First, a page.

Born on this Date in 1871
“Those who do not move do not notice their chains.”
Things began, as they usually do, at a party. Everyone had been working hard, and after hours they were cutting loose pretty quickly. We were indoors. The place was semi-dark and not so much smoke-filled, but everything smelled like, or perhaps looked like, it had a tinge of leftover smoke from years and years of such gatherings. And it had the look of a place that was no stranger to a deep fat fryer too.
Our colleagues from the Embarras River Basin Agency were the life of the party. Every one of them was smart, skilled and an excellent dancer with issues arising from low self-esteem. “You sure know how to pick ’em, Harry,” I thought to myself. Rest in Peace.
I was working in the Southcoast Cosmos of Bendiego. Our most serious and accomplished investigator, portrayed by Saundra Santiago, was frantically reviewing some old case files, trying to vindicate herself in one of the most frustrating débâcles of the agency’s history. The entire case turned on the testimony of a dog, and whether or not the dog was genuine, or merely a VR creation of the perpetrators, meant to throw people off the track by telling the truth. The fact that the jury had been required to wear special googles during the dog’s appearance might have been a clue, but everyone missed this at the time.
Now the Feds were breathing down our necks, and we were at it around the clock in an effort to prove our competence and good faith. Saundra was viewing the video of the dog again, frame-by-frame, and studying the defense expert’s testimony for inconsistencies. It was then that I noticed the map on the desk.
It looked like something cut out from a child’s coloring book, with a three-by-three grid of some sort laid out over the drawings. The edges of the map outside the grid were sticky, and at that very moment a flash of insight came to me. The dog didn’t matter. We didn’t have to prove that the dog’s testimony was valid. We only had to test the glue on the edges of the map to see if it matched that surrounding a corresponding rectangular hole on the back side of a crumpled piece of construction paper nearby that had been an early clue but discarded as unimportant. Forensic science is sometimes like this.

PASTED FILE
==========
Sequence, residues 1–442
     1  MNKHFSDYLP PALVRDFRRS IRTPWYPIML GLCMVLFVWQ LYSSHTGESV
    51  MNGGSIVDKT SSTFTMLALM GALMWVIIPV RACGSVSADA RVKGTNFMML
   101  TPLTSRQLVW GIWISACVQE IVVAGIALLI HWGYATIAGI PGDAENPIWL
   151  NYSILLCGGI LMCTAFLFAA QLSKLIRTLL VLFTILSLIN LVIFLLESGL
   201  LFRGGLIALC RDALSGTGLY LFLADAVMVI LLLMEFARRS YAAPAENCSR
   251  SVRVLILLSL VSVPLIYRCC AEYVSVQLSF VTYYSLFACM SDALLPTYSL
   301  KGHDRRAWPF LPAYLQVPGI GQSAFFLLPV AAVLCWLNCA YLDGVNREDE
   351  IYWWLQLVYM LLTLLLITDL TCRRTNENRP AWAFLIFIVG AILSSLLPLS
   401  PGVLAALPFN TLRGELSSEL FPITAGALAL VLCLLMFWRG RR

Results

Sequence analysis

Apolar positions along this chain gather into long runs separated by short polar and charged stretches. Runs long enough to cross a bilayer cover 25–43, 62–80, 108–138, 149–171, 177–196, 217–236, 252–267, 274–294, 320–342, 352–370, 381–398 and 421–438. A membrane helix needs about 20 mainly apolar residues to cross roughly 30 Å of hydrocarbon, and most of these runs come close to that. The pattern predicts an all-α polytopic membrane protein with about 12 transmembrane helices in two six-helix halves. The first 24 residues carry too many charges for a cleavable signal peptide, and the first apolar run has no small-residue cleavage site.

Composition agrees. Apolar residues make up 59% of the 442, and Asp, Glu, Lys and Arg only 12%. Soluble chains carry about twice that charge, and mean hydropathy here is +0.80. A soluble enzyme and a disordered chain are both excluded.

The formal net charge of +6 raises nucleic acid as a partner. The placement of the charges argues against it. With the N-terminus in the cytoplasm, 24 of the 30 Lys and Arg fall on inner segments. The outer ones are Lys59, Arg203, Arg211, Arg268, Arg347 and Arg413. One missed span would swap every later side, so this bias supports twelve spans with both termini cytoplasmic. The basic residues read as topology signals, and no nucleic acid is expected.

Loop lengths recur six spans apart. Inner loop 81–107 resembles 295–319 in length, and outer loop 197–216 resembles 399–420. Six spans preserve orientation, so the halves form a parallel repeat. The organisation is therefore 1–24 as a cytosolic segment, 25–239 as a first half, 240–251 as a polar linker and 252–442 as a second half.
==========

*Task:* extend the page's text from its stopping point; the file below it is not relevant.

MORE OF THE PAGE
The old man in the blue suit had entered the room without us noticing, and nodded as I revealed the discovery. I could tell, without him saying a word, that he had hoped that we wouldn’t get to the bottom of things. The Feds, as always, just want to come in and take over, and this dog and paste business was the only thing standing between him and his ambitions. The sonofabitch knew all along, but was just toying with us.
He and I were facing each other in an office with lots of windows on the southeast corner of the building. I felt underdressed. I was wearing a black suit, but was disheveled feeling. I told him I needed to grab my trench coat before we could go to lunch, which I was dreading anyway.
When I went to get my coat from the refrigerator next to the pizza, it had disappeared. I can see it, right there, folded neatly, the size of the pizza box. But it is gone. Maybe it’s on the floor somewhere. There were other things I meant to take along, books or electronic devices or something, but going through the desk was no help.
I remembered that I had had trouble parking that morning because the lot was covered with ice, and cars were parked all askew. I crawled up on the ice, which was several inches thick encasing the tall mound of earth between two parts of the lot, and as I looked down, there were several trucks or vans or some other sort of large vehicles. Busses. They were full of people in festive garb, headed to some kind of competition or celebration. One bussload started waving and yelling at me, trying to get my attention, or trying to make fun of me or something. It was all good natured, but I was uncomfortable, and yelled down that they shouldn’t be wasting their time with me when Kent Wade was right there on the bus with them.
A man in a gold mohair long coat approached me and said something, smiling. I couldn’t understand what he had said. Then he said something else, and all I could make out was “Oxley Chamberlain.” I wanted to ask him to speak more clearly, but then he was starting to get angry and suspicious, so I explained that since I’ve gotten older the thick hair that has grown inside my ears sometimes makes it difficult for me to hear people correctly. It had nothing to do with his slurred brogue, or that I thought I was better than him or anything like that. I didn’t really say those things, but I thought that he was thinking them. You wouldn’t want to make that conversation explicit.